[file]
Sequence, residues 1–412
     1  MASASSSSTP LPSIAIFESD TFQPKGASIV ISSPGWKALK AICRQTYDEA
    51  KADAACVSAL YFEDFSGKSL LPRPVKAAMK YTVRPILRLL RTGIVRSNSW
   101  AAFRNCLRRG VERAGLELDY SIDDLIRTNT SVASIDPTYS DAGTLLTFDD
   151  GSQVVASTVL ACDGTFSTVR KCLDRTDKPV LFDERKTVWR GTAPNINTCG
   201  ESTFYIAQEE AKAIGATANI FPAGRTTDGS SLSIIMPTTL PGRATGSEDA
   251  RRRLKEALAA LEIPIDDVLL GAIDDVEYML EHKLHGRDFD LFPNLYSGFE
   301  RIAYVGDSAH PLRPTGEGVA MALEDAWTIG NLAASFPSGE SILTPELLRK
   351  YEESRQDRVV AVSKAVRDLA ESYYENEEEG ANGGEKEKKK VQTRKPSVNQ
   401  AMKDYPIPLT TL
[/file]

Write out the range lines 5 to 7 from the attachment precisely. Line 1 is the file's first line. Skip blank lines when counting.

   151  GSQVVASTVL ACDGTFSTVR KCLDRTDKPV LFDERKTVWR GTAPNINTCG
   201  ESTFYIAQEE AKAIGATANI FPAGRTTDGS SLSIIMPTTL PGRATGSEDA
   251  RRRLKEALAA LEIPIDDVLL GAIDDVEYML EHKLHGRDFD LFPNLYSGFE